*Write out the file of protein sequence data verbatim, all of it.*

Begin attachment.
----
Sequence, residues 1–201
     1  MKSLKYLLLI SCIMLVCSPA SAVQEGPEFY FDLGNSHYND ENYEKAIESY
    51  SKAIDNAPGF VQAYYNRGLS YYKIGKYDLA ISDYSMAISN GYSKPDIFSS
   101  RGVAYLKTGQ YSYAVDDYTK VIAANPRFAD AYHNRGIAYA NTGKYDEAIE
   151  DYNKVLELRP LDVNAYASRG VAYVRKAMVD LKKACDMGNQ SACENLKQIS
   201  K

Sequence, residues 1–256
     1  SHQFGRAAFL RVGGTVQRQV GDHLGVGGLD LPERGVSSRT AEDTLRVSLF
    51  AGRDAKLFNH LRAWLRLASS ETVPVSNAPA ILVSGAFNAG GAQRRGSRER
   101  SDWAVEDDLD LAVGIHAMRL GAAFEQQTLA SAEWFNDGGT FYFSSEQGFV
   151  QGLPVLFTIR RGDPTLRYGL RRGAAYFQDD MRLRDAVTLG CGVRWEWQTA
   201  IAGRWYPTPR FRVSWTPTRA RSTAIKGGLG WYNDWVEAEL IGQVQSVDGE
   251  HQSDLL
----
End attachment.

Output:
Sequence, residues 1–201
     1  MKSLKYLLLI SCIMLVCSPA SAVQEGPEFY FDLGNSHYND ENYEKAIESY
    51  SKAIDNAPGF VQAYYNRGLS YYKIGKYDLA ISDYSMAISN GYSKPDIFSS
   101  RGVAYLKTGQ YSYAVDDYTK VIAANPRFAD AYHNRGIAYA NTGKYDEAIE
   151  DYNKVLELRP LDVNAYASRG VAYVRKAMVD LKKACDMGNQ SACENLKQIS
   201  K

Sequence, residues 1–256
     1  SHQFGRAAFL RVGGTVQRQV GDHLGVGGLD LPERGVSSRT AEDTLRVSLF
    51  AGRDAKLFNH LRAWLRLASS ETVPVSNAPA ILVSGAFNAG GAQRRGSRER
   101  SDWAVEDDLD LAVGIHAMRL GAAFEQQTLA SAEWFNDGGT FYFSSEQGFV
   151  QGLPVLFTIR RGDPTLRYGL RRGAAYFQDD MRLRDAVTLG CGVRWEWQTA
   201  IAGRWYPTPR FRVSWTPTRA RSTAIKGGLG WYNDWVEAEL IGQVQSVDGE
   251  HQSDLL